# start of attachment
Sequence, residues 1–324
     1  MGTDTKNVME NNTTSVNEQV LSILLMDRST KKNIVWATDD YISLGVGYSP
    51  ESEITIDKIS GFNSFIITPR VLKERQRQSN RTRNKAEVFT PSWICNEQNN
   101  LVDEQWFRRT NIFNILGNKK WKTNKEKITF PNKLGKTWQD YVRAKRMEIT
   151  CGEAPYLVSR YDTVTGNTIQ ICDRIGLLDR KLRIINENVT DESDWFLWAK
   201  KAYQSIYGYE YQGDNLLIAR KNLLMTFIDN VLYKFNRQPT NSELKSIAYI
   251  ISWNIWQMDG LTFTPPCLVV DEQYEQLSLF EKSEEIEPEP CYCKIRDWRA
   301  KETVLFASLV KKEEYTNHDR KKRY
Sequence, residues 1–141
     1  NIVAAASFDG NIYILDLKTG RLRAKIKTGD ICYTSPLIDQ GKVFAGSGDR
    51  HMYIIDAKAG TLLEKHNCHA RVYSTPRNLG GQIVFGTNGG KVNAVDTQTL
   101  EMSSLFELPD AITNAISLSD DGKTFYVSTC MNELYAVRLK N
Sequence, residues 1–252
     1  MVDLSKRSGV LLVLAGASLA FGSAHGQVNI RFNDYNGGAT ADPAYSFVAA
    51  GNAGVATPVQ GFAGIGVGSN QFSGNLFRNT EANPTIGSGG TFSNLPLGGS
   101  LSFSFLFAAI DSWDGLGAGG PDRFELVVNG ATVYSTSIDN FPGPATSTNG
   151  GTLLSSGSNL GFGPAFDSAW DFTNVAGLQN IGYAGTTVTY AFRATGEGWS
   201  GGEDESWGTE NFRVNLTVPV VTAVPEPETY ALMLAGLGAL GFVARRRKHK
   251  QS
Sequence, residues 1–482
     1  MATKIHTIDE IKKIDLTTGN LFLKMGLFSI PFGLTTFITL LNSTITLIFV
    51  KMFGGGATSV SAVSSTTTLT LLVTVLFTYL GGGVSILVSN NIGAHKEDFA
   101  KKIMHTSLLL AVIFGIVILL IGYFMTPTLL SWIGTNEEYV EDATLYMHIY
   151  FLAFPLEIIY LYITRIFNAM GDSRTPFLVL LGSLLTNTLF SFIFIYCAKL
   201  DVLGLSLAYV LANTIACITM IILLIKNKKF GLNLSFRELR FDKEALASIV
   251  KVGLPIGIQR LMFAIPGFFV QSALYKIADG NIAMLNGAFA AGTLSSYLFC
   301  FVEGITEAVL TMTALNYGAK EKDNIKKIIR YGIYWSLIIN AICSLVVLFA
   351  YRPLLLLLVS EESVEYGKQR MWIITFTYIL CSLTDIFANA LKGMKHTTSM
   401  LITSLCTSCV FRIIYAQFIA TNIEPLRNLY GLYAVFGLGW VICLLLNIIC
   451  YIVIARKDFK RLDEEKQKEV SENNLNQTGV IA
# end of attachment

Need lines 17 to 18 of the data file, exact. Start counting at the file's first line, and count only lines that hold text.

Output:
   151  GTLLSSGSNL GFGPAFDSAW DFTNVAGLQN IGYAGTTVTY AFRATGEGWS
   201  GGEDESWGTE NFRVNLTVPV VTAVPEPETY ALMLAGLGAL GFVARRRKHK